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Arab League Agrees to Confront ISIS 'Militarily and Politically'

ISIS
An Islamic State militant uses a loud-hailer to announce to residents of Tabqa city that Tabqa air base has fallen to Islamic State militants, in nearby Raqqa city August 24, 2014. Islamic State militants stormed the air base in northeast Syria on Sunday, capturing most of it from government forces after days of fighting over the strategic location, a witness and a monitoring group said. Fighting raged inside the walls of the Tabqa air base, the Syrian army's last foothold in an area otherwise controlled by IS, which has seized large areas of Syria and Iraq. |
ISIS
A resident of Tabqa city touring the streets on a motorcycle waves an Islamist flag in celebration after Islamic State militants took over Tabqa air base, in nearby Raqqa city August 24, 2014. Islamic State militants stormed the air base in northeast Syria on Sunday, capturing most of it from government forces after days of fighting over the strategic location, a witness and a monitoring group said. Fighting raged inside the walls of the Tabqa air base, the Syrian army's last foothold in an area otherwise controlled by IS, which has seized large areas of Syria and Iraq. |
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The foreign ministers of the Arab League agreed Sunday to confront ISIS "militarily and politically" as well as to cooperate with ongoing efforts by the international community and Iraq to combat the Islamist militants who have gained control over large parts of Syria and Iraq.

"What is happening in Iraq, and the presence of an armed terrorist group that not only challenges the state authority but its very existence and that of other countries … is one of the examples of the challenges that are violently shaking the world," The Associated Press quoted Nabil Elarabi, the Arab League's secretary-general, as telling the foreign ministers at a meeting in Cairo, Egypt Sunday.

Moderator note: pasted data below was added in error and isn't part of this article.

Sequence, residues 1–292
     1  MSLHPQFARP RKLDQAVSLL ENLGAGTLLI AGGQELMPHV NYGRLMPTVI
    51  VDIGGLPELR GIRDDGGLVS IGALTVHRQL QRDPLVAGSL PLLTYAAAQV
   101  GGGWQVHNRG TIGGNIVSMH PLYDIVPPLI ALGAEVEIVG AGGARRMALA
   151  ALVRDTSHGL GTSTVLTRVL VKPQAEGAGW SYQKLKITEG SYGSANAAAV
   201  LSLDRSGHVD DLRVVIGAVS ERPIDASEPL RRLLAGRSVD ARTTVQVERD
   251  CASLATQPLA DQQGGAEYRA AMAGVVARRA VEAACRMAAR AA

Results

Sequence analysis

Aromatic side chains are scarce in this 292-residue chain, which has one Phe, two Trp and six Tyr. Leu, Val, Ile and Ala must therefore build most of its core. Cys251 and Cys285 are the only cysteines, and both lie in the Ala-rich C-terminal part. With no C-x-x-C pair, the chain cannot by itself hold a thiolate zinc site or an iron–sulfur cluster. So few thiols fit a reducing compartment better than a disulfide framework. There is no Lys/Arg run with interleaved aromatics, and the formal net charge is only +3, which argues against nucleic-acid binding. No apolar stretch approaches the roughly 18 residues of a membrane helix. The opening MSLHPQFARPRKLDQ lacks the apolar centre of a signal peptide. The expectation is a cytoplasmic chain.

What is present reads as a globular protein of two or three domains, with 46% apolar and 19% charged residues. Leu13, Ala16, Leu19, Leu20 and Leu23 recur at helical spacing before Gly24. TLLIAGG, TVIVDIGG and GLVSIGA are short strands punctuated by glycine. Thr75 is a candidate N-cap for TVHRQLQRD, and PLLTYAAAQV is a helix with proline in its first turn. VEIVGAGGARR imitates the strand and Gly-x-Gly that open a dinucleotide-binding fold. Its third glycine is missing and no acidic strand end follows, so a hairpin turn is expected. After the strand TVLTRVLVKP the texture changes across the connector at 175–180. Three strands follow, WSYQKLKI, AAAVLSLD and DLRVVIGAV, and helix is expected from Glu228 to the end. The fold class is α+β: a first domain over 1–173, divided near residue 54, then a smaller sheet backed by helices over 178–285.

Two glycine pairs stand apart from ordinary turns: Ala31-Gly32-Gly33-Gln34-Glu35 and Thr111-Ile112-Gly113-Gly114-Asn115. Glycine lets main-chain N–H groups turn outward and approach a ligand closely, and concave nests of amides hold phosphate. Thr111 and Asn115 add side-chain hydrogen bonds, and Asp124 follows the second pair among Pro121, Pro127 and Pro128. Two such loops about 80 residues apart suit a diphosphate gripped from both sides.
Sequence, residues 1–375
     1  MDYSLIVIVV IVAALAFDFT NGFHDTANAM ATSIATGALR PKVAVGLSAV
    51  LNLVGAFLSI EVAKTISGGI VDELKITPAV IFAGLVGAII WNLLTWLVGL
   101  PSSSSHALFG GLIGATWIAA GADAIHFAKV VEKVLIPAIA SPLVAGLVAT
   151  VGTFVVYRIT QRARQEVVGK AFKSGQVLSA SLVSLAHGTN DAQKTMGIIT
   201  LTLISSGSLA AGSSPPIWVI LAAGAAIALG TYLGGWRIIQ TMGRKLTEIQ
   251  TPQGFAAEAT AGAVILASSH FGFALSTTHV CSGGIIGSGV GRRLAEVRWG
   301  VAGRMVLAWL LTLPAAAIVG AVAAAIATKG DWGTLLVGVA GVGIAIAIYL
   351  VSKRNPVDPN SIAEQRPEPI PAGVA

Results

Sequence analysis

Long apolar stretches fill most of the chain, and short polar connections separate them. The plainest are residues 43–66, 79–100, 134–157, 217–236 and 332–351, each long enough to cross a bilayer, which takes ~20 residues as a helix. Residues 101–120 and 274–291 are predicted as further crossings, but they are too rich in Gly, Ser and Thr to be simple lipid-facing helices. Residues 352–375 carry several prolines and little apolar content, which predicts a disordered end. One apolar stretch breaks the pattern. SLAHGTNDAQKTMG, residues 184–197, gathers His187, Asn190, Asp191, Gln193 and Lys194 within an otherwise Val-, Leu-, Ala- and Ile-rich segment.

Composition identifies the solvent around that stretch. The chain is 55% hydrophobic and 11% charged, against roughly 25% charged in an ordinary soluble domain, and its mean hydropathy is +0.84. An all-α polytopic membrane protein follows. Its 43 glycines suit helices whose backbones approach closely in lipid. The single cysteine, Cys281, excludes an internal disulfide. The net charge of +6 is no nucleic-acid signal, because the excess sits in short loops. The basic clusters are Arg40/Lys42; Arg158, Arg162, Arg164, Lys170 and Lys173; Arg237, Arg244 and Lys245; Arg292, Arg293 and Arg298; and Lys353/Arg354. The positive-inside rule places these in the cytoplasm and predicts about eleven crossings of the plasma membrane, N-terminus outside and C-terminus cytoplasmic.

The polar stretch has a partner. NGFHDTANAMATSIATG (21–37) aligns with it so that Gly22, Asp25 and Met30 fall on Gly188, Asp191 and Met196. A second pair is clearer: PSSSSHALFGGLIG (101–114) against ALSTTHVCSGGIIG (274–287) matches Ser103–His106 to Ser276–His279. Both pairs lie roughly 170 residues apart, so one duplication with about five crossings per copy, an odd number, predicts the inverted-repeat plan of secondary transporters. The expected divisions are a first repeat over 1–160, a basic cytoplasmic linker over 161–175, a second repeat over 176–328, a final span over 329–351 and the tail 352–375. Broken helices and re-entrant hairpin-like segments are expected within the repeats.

U.S. Secretary of State John Kerry is scheduled to visit Saudi Arabia and Jordan this week.

The Arab Leagues – which includes Egypt, Saudi Arabia, Jordan, Lebanon, Qatar and the United Arab Emirates – also endorsed a U.N. Security Council resolution passed in August urging member states to "act to suppress the flow of foreign fighters, financing and other support to Islamist extremist groups in Iraq and Syria."

Arab countries need a "clear and firm decision for a comprehensive confrontation" to "cancerous and terrorist" groups, Elarabi said.

ISIS, or Islamic State of Iraq and Syria, is an al-Qaeda offshoot and is also known as the Islamic State and ISIL. The group wants to form an Islamic emirate in the Levant region through "jihad."

The League chose not to directly endorse the U.S. or Iraqi campaigns to fight ISIS, but it tacitly backed the ongoing efforts.

America's first series of airstrikes in western Iraq targeting ISIS early Sunday to protect a major dam suggested that the U.S. has expanded its goals in Iraq, which until recently were limited to protection of U.S. offices and humanitarian responses.

U.S. President Barack Obama shared his plans to combat ISIS during an interview on NBC's "Meet the Press" Sunday.

"I just want the American people to understand the nature of the threat and how we're going to deal with it and to have confidence that we'll be able to deal with it," he said.

After Kerry's meeting with diplomats from 10 countries on the sidelines of a NATO summit in Wales last week, Obama said key NATO allies are also prepared to "degrade and ultimately destroy" ISIS.

"Key NATO allies stand ready to confront this terrorist threat through military, intelligence and law enforcement as well as diplomatic efforts," Obama said. "Our goal is to act with urgency but also make sure that we're doing it right, that we have the right targets, that there's support on the ground … that we have a strong political coalition."

ISIS men have killed hundreds of people in Iraq as well as beheaded two American journalists, James Foley and Steven Sotloff. Numerous members of the Christian and Yazidi minorities have also been killed, and tens of thousands of them have fled their homes.

Saudi Arabia's King Abdullah last month warned that the United States and Europe could be targets of Islamist terrorists within months if world leaders fail to deal with the growing terrorist threat. He appeared to be alluding to ISIS.

"If neglected, I am certain that after a month they will reach Europe and, after another month, America," Abdullah said at a reception for foreign ambassadors. "These terrorists do not know the name of humanity and you have witnessed them severing heads and giving them to children to walk with in the street," added the king of Saudi Arabia, a major U.S. ally in the region.

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